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"The American West has changed immeasurably over the past half a century. In Steve Fitch's wonderful photographic survey Vanishing Vernacular: Western Landmarks we find a fading world of the hotels, diners, radio masts and cinemas dotted along the highways. In a similar vein to the city vistas of Eugène Atget and Berenice Abbot and – in particular – the studies of cooling towers by Bernd and Hiller Becher, Fitch produces a moving paean to the landmarks of yesteryear."
—Christian House, freelance arts and books writer for the Guardian and the Daily Telegraph (read the full article here)

"Steve Fitch reminds us of one of the great pleasures of the classic American road trip, the exuberant roadside motel sign, an endangered species he artfully captures in all its neon glory, alongside drive-in movie theaters, hand-painted signs, and other oddities of the Western cultural landscape."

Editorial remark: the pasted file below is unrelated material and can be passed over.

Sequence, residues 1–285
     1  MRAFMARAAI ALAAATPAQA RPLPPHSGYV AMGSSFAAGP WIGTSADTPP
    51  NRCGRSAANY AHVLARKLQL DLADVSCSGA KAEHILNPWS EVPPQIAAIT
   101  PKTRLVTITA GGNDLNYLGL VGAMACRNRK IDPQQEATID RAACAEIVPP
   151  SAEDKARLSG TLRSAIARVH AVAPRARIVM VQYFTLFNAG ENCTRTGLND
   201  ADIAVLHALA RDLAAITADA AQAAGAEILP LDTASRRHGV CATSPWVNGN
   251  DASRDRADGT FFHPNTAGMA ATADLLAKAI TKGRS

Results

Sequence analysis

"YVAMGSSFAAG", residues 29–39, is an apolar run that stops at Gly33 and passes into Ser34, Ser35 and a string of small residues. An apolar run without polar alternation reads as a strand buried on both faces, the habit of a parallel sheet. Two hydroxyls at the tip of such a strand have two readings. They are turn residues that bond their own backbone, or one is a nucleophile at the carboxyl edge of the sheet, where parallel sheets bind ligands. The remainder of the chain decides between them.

—Katherine Ware, Curator of Photography, New Mexico Museum of Art

"Steve Fitch, who refers to himself as a visual folklorist, has documented the changing landscape of the American West since the mid-1970s. His new photo book, Vanishing Vernacular: Western Landmarks, is a striking visual commentary on how these once ubiquitous signs—alongside thousand-year-old petroglyphs, small-town murals, and drive-in theaters—are becoming part of the collective memory of the West."
—Aida Amer, Atlas Obscura (read the full article here)



December 28, 1980. The La Mesita Lodge sign is a classic 1950s sign, in Mesa, Arizona, on U.S. 60 © Steve Fitch


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